LONDON (Reuters Life!) - A previously unseen George Harrison lyric, found on the floor of the Abbey Road studios and dating back to 1967, has gone on display at the British Library.
Written when Harrison was aged 23 or 24, the untitled song came from an era when the Beatles had stopped touring to spend more time in the studio to work on the “Sgt Pepper’s Lonely Hearts Club Band” album.
Beatles biographer Hunter Davies found it during research for a new edition of The Beatles official biography, which has just been re-released more than 40 years after its original publication.
In its introduction, Davies recalls how he collected Beatles lyrics discarded as scrap paper from the floor of the studios and kept them as souvenirs.
“It’s almost certain that they would have been thrown out by the cleaners if he hadn’t picked them up,” the library said in a news release.
Harrison never recorded the song, nor perhaps even put music to the words, it added.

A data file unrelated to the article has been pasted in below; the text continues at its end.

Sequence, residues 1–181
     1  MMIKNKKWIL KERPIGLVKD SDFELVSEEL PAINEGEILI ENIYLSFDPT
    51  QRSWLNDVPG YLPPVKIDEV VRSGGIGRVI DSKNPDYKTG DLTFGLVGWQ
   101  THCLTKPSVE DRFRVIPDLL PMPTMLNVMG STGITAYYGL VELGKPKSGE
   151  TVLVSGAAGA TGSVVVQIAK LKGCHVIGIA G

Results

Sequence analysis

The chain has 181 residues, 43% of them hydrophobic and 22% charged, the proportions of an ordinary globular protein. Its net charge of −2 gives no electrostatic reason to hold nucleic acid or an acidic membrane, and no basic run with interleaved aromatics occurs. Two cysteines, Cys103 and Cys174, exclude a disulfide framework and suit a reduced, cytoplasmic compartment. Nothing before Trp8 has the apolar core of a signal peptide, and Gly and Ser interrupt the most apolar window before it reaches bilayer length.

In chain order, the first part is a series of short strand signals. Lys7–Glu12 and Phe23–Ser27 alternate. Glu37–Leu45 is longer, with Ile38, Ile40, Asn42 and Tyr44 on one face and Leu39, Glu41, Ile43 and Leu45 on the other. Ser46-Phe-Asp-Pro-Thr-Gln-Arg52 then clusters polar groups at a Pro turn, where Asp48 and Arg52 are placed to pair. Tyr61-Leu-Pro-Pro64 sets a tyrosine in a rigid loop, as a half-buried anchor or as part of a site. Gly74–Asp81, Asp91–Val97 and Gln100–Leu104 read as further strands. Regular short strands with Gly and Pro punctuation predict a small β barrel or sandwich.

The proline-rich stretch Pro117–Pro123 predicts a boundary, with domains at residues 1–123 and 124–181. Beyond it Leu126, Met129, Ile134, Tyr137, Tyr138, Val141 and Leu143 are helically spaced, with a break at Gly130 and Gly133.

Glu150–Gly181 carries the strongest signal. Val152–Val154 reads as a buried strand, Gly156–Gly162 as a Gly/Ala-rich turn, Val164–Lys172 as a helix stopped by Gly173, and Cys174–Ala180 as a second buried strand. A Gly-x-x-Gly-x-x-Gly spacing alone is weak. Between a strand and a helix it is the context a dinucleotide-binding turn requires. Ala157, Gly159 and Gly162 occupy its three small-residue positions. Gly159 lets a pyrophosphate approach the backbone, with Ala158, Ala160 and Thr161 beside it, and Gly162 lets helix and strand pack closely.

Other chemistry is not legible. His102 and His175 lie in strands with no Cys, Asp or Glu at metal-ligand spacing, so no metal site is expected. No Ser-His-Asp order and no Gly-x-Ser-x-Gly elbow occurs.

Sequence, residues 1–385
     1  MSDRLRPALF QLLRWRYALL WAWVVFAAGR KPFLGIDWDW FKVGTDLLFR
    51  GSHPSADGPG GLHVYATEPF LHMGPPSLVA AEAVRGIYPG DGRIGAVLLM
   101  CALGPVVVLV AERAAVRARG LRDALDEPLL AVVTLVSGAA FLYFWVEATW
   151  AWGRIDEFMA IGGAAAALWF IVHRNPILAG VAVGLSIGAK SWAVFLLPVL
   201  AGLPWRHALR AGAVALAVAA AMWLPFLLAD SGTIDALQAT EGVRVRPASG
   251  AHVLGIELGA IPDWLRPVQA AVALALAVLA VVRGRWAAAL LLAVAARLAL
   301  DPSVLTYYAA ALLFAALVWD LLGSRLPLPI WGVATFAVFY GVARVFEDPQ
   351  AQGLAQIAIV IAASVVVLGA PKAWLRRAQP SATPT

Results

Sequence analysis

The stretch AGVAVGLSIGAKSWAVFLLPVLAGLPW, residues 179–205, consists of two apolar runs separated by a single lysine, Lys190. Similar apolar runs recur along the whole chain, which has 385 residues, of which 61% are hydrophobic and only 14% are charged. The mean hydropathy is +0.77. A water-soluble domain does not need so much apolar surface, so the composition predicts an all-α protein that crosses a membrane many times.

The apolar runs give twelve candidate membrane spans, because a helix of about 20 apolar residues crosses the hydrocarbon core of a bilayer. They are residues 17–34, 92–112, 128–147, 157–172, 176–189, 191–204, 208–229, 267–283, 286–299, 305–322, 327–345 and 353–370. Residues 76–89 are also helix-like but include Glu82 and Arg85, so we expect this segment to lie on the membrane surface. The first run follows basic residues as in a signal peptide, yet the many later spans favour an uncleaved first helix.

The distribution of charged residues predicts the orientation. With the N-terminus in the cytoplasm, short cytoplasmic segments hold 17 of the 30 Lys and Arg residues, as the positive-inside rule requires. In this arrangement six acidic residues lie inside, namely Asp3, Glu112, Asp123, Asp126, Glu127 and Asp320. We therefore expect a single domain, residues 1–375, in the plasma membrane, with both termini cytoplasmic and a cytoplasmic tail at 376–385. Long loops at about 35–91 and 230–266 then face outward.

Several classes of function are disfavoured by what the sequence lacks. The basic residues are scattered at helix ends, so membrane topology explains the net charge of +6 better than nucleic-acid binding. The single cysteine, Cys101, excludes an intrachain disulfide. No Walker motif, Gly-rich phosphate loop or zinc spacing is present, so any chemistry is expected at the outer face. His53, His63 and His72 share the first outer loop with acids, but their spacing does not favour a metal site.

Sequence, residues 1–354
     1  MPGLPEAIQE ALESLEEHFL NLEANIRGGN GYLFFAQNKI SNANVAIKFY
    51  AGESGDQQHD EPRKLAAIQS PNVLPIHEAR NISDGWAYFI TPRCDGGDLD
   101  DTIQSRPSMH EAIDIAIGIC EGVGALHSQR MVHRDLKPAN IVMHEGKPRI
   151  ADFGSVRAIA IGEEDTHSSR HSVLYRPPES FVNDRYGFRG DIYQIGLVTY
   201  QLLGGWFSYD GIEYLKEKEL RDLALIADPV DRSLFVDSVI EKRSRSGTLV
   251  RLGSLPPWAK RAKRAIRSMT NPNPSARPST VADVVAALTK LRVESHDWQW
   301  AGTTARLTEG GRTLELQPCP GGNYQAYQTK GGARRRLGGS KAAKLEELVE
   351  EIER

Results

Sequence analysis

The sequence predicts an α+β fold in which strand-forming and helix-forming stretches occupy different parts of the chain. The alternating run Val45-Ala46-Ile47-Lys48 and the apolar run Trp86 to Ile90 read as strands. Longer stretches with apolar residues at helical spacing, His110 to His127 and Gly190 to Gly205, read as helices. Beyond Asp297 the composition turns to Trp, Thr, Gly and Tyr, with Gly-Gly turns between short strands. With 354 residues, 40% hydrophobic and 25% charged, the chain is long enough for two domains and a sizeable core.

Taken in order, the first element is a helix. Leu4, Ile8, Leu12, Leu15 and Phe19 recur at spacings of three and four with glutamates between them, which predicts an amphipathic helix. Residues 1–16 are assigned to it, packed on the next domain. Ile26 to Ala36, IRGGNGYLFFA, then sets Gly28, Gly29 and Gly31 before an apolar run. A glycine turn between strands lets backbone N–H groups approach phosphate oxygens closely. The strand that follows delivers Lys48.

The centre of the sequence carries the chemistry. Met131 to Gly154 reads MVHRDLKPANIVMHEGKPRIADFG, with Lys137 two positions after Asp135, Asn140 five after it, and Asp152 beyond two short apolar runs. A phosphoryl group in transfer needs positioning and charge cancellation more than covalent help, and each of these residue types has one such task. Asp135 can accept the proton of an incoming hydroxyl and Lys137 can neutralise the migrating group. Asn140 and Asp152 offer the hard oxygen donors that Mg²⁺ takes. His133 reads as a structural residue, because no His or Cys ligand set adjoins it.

“Im happy to say that its only a dream
when I come across people like you,
its only a dream and you make it obscene
with the things that you think and you do.
Your so unaware of the pain that I bear
and jealous for what you cant do.
There’s times when I feel that you haven’t a hope
but I also know that isn’t true.
On the reverse side are instructions on how to reach the Beatles manager, Brian Epstein’s country house in Sussex, written in Epstein’s hand.
This means Harrison must have written the lyric before August 1967 when Epstein was found dead at his London home following an accidental sleeping pill overdose.
Harrison himself died of cancer in 2001.
“George’s words are all that is left of the song — we can only guess what it would have sounded like so it is an invaluable and hugely interesting piece of Beatles memorabilia,” said Jamie Andrews, Head of Modern Literary Manuscripts at the British Library.
Although Beatles compositions were credited to Lennon/McCartney, in reality most of the songs were 90 percent John Lennon or 90 percent Paul McCartney, rather than being simple 50/50 splits, the library said.
“The handwriting of each lyric on display ... illustrates this. For example, ‘Help’ is one of Lennon’s so it’s in his handwriting. ‘Yesterday’ and ‘Michelle’ are by McCartney so it’s in his handwriting. This makes George’s lyric all the more rare.”
Also in the collection is memorabilia ranging from a fan club membership card to the lyrics of “A Hard Day’s Night” written by Lennon on the back of a birthday card to his son Julian.
Reporting by Steve Addison; Editing by Paul Casciato